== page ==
Take a quick look at Wendell Carter Jr’s final eight schools in consideration (ed: recently trimmed it down to four) and a couple of programs clearly stick out from the rest.
First you have the usual basketball powerhouses that every top recruit rightfully considers: Duke, Kentucky, Arizona, UNC. Then there are the local in-state programs: Georgia and Georgia Tech. And then there’s Harvard and Cal-Berkeley—two of the top academic schools in the nation, but not ones known for basketball dominance.
“I had to get at least an A in every class since elementary school,” says Carter of how academics ended up playing a role in his college recruitment. “My grades were always up to par, but just in case I ever lost focus, my mom established that rule as a reminder.”
What happened if he didn’t reach the minimum?
“I wasn’t allowed to play basketball unless my grades were up to par,” he admits. “As I got older, it got a little more lenient. But that kind of ingrained it in my head that I have to be just as good in the classroom as I am on the court.”
The 6-9 power forward out of Atlanta is regarded as a top-5 prospect in the Class of 2017, thus making the possibility of him even considering an Ivy League school big news in recruiting circles.
That Carter takes school so seriously comes as no surprise to those who closely followed the youth travel circuit this spring/summer, though. After all, he did choose to miss the very first Nike EYBL session in April in order to be in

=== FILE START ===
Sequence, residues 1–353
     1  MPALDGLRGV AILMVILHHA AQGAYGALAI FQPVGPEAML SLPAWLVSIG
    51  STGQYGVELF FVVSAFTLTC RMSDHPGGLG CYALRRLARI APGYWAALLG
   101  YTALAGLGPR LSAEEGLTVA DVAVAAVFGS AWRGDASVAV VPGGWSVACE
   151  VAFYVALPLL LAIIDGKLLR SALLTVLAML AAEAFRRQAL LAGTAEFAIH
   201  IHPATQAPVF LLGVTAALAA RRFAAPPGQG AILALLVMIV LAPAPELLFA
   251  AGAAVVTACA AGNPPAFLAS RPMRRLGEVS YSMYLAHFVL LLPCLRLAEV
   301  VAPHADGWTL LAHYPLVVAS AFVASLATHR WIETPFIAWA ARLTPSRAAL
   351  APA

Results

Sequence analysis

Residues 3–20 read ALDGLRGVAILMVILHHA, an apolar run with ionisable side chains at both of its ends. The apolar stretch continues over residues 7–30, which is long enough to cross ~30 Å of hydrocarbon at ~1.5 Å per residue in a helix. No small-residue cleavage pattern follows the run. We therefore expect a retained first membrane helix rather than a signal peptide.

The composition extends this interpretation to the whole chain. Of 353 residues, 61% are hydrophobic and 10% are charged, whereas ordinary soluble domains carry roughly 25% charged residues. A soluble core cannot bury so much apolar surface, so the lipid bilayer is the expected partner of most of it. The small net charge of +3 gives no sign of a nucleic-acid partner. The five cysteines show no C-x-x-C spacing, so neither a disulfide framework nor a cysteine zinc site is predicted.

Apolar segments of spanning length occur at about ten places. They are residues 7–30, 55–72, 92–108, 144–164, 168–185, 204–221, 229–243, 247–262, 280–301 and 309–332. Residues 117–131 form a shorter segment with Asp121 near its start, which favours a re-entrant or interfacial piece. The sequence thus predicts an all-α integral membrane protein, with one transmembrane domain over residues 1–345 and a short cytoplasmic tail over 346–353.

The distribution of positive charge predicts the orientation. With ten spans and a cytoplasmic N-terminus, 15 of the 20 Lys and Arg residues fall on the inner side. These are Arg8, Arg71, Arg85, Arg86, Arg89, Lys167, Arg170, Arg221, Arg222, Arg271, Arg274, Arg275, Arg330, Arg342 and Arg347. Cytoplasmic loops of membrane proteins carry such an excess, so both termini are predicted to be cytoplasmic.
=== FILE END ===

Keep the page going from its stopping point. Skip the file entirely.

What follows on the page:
“This acting class in my school— it was really something I fell in love with after the first try,” says Carter. “They asked me if I could be in a play and I said, Of course I can.
“Once I found out it was at the same time as the EYBL session in Brooklyn, I simply had to make a choice. Do I want to try something new or go back to playing basketball? I decided to try something new.”
He ultimately played the role of a handyman in the Pulitzer-Prize winning play, You Can’t Take It With You, which premiered on Broadway in 1936.
After attending Fulton Leadership Academy as a freshman, a local public charter school, Carter transferred to Pace Academy for his sophomore year. Pace, a prestigious private school whose campus sits on 37 acres of land in the suburban ATL district of Buckhead, offers a much more rigorous curriculum.
“It was more of a challenging transition socially than academically,” says Carter of switching schools. “I went from a predominantly black school to now a predominantly white school. So it was just a different experience for me. But I think I adjusted pretty well.”
He’s led Pace into uncharted territory in the world of sports. Last season, the school claimed its first ever state basketball title after Carter posted a massive 30-point, 20-rebound performance in the Georgia Class AA championship game.
He averaged 21.6 points, 13.6 rebounds and 5.5 blocks per game on the year.
Highly touted for his prowess in the paint—whether it’s on the low block, crashing the glass or contesting shots—Carter says he likes to watch and model his game after DeMarcus Cousins and Anthony Davis.
Having claimed his second gold medal with Team USA’s U17 squad at the FIBA World Championships in Spain, where he led the team in rebounds and blocks, the focus now shifts to finishing this final year as strong as when it was required of him in elementary school.
“I simply just want to win another state title before going off to college,” says Carter. “And I want to finish with at least a 3.8 GPA. But I’ll be aiming for that 4.0.”
Franklyn Calle is an Assistant Editor at SLAM. Follow him on Twitter @FrankieC7.